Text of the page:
A fearsome closeup of the dragon facing down the Redcrosse knight makes full use of Spenser’s nine-line stanza formThis week we’re looking at stanzas X-XV from Canto XI, Book One, of Edmund Spenser’s vast allegorical poem The Faerie Queene. In fact, Spenser published a little over half of his projected epic. Some of the new material may have been lost when Irish rebels set fire to the Spensers’ estate, Kilcolman Castle, the year before his death. Inspired by a range of sources, particularly Geoffrey of Monmouth’s fanciful History of the Kings of Britain, and Ariosto’s Orlando Furioso, the six published allegories celebrate the private virtues: holiness, temperance, chastity, friendship, justice and courtesy. The public virtues were to have been examined through the adventures of Prince Arthur in the next six books. Each 12-canto book describes the challenges faced by one of the knights dispatched by the Faerie Queene (Elizabeth I) during her 12-day festival, and Book One is the story of the Redcrosse knight, representing holiness and England (he will in fact turn out to be St George). The parents of his beloved Una, who embodies the true church (Anglican, of course), are enclosed in a “brasen towre”, terrorised by …read more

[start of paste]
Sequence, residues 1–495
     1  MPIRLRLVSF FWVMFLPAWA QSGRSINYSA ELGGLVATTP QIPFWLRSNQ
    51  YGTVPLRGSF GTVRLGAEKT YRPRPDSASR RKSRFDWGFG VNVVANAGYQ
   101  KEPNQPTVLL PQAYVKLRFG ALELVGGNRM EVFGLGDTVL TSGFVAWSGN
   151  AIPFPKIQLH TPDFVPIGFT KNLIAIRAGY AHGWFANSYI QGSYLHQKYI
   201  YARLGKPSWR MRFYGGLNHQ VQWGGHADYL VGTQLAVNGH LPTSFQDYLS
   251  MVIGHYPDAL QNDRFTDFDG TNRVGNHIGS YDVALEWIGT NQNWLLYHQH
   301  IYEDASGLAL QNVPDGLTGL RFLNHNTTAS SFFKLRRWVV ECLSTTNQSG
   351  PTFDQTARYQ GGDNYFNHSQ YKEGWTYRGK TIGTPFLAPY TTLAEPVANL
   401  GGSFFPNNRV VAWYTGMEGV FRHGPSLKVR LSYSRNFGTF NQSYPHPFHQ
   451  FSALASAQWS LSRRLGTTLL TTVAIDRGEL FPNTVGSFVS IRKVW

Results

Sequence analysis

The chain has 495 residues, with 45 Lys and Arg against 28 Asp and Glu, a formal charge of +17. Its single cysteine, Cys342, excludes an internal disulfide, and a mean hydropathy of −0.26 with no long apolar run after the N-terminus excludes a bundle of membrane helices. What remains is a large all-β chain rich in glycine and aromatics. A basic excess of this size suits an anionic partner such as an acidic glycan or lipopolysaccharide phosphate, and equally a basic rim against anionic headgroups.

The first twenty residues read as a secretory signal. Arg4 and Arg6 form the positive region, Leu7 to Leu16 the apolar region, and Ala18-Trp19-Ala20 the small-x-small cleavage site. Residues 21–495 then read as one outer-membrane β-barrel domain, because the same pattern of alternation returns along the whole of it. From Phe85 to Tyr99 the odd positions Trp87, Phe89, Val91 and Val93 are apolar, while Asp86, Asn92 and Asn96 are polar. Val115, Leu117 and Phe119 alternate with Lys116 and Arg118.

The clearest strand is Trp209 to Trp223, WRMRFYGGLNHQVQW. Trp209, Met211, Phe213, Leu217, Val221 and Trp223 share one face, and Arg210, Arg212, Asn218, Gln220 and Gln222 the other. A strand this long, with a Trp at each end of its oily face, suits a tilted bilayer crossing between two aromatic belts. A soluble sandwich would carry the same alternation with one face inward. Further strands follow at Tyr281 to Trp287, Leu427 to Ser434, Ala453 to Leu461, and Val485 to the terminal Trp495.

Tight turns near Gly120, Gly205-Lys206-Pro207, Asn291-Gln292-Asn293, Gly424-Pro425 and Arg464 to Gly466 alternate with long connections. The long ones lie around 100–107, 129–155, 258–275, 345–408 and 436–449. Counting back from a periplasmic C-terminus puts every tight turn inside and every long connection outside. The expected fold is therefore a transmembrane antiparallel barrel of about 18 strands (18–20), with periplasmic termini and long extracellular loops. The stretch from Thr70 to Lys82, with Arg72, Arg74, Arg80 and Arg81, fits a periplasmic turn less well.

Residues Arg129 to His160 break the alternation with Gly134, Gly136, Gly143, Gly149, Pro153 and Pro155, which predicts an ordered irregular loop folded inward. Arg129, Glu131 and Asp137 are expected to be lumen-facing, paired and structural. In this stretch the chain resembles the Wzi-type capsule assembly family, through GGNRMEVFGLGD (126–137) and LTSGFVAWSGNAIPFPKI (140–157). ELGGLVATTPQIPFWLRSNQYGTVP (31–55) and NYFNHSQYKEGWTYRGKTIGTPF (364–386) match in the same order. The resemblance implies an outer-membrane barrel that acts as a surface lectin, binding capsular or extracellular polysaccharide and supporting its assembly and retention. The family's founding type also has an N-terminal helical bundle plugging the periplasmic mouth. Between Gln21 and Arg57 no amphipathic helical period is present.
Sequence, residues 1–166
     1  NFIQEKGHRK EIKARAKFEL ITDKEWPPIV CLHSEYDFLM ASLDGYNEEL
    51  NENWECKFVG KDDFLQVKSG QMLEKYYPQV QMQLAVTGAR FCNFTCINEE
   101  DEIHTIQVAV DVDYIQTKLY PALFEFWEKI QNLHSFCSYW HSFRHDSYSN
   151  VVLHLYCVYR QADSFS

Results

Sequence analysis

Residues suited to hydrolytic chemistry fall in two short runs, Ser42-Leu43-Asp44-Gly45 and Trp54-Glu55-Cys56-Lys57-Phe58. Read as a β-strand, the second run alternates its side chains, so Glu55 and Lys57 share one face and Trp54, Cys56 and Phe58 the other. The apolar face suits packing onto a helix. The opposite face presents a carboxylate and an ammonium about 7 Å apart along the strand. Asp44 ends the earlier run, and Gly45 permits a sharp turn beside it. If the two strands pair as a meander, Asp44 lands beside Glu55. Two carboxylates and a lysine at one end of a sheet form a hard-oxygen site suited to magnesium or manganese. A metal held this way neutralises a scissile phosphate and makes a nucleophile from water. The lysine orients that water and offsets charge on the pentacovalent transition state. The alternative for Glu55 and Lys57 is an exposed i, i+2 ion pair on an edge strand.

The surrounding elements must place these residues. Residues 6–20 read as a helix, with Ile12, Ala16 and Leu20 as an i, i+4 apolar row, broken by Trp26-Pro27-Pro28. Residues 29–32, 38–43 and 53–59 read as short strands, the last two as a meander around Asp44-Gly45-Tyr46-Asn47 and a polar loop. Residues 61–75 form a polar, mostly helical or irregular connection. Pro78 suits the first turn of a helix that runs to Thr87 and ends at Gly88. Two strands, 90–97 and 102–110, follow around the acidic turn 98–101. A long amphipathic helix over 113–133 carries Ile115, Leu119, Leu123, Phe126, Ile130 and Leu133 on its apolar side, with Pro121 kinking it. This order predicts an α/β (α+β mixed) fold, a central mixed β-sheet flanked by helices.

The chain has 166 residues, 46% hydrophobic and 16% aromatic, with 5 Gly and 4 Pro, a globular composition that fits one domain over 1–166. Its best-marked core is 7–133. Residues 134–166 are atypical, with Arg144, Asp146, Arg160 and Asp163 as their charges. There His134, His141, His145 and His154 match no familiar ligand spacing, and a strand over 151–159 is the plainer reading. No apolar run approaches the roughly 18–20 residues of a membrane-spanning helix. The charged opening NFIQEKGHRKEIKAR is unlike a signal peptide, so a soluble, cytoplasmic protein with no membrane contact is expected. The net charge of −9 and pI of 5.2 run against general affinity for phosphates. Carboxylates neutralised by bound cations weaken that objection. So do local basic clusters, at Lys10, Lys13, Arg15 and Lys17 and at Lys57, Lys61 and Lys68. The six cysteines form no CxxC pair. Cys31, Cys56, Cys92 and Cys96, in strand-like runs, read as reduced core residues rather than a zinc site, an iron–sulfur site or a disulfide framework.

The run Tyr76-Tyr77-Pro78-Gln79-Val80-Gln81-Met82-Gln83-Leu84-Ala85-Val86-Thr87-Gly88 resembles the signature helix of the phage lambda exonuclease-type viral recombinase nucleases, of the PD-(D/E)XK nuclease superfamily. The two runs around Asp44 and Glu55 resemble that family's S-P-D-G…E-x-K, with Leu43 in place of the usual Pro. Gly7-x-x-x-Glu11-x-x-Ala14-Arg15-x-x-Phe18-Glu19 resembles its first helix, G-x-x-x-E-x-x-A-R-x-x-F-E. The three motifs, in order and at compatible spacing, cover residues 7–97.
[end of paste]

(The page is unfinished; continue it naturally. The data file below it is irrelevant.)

Via: The Guardian | Books